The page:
Assembly Democrats are raising concerns that an early morning vote approving the budget repair bill may have been illegal. Republicans suddenly ended over 60 hours of debate Friday morning on the bill, which strips most public employees of their collective bargaining rights, while several lawmakers were still waiting to speak.
Democrats say Assembly rules should have required a vote to end debate early. Minority Leader Peter Barca (D-Kenosha) says that did not happen, and that could mean the vote was illegal. Barca says Democrats will be reviewing tapes of the final minutes of the session very closely and will explore every option available to them.
Democrats had employed a wide range of tactics to draw out debate over the past three days. Republicans rejected several dozen amendments from the minority, tabling nearly 100 at one point on Thursday evening after the debate had passed the 50 hour mark.
Late in the debate, the minority followed through with an earlier threat to try and have Speaker Pro Tempore Bill Kramer (R-Waukesha) removed from his position. Democrats based the move on what they claimed were repeated violations of Assembly rules by Kramer in how certain procedural votes were handled. The effort failed.
The vote on the bill and adjournment of the session happened in less than a minute, and came as a surprise to many in the Assembly at the time. However, Republicans had been showing increasing frustrations with Democrats during the last few hours of the debate, offering some indication they could make a procedural move to end the marathon session.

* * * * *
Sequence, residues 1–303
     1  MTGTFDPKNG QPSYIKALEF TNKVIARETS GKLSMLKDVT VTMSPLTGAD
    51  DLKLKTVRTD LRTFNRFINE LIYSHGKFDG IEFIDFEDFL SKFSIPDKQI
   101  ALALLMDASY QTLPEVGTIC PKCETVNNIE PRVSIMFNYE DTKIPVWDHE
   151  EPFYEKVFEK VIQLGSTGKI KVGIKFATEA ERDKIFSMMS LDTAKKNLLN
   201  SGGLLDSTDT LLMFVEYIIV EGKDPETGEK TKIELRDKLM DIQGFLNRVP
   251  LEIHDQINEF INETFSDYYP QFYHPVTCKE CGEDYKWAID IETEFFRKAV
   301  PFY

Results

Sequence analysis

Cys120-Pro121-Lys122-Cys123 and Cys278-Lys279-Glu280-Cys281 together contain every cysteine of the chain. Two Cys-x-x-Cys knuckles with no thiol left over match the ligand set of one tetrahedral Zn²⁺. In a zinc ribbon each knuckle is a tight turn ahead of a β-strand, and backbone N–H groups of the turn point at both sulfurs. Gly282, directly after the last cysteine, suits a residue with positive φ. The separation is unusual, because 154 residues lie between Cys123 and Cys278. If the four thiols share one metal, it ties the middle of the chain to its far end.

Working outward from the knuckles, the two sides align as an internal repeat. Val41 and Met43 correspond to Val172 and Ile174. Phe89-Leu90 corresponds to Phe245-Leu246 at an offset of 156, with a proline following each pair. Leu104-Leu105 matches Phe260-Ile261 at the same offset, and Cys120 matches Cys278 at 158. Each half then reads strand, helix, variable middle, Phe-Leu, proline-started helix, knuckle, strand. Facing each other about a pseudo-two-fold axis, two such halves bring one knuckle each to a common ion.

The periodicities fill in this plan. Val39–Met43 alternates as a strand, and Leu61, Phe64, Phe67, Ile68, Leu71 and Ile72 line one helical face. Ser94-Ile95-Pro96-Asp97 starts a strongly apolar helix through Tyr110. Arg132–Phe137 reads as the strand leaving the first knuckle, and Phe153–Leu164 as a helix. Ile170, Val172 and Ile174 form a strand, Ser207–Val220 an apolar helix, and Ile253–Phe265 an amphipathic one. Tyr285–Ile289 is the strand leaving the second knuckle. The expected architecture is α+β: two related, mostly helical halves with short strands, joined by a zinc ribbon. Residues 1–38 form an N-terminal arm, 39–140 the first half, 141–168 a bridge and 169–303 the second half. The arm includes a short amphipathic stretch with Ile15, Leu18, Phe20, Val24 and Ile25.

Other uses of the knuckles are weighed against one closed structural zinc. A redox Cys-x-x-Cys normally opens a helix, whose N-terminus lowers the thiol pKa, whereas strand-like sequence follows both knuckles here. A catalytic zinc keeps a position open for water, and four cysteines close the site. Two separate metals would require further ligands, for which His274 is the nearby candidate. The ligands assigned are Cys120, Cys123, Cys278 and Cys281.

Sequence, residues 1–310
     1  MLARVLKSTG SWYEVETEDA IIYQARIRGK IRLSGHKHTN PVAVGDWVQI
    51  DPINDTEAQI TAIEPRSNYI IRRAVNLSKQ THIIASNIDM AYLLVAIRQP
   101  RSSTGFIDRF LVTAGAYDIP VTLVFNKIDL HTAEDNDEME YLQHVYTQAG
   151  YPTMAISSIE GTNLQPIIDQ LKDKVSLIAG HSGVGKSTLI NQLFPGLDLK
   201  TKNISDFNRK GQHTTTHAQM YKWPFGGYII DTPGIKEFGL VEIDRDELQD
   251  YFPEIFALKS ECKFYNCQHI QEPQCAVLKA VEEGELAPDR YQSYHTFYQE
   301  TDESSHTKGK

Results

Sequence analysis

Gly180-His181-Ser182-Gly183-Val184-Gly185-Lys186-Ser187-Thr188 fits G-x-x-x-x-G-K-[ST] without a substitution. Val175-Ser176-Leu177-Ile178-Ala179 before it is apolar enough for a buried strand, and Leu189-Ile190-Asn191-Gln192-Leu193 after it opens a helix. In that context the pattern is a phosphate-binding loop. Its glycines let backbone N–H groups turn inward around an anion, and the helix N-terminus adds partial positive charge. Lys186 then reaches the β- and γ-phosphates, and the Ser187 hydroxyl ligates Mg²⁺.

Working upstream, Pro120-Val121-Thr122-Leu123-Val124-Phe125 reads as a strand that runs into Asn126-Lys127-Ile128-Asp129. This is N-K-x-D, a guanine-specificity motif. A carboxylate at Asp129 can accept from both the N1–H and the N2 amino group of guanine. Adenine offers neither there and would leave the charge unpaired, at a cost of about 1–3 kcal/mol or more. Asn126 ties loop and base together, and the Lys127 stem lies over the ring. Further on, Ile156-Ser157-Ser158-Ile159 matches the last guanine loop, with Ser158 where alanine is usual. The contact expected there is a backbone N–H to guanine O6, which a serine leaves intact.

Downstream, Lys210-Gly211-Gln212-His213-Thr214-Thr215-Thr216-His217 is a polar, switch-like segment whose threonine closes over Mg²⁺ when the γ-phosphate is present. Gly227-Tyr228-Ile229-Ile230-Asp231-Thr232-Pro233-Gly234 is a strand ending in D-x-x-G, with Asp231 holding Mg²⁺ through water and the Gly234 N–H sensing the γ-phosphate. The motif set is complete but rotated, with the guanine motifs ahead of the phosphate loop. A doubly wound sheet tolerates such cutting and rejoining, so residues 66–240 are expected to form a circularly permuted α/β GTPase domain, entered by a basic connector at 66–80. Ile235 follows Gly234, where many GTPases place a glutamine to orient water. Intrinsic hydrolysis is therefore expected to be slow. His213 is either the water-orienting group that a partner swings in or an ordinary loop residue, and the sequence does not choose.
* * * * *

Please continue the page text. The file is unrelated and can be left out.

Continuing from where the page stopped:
Majority Leader Scott Suder (R-Abbotsford) questioned Democrats about how long they planned to stall a vote. He said it was “astounding” that some claimed Republicans were trying to stifle debate, calling it “poppycock.”
Just minutes before the vote on passage, Kramer fielded a question from Democrats about how many lawmakers were waiting to speak and if they would all be allowed to make remarks. Kramer only said he could not guarantee that would happen, and pointed out that many of the comments were ones that had already been repeated several times.
When the vote came, it happened so quickly that many lawmakers were not even on the floor at the time. Several Democrats and a handful of Republicans did not even get to cast a vote on the bill. State Representative Donna Seidel (D-Wausau) called the action “appalling.”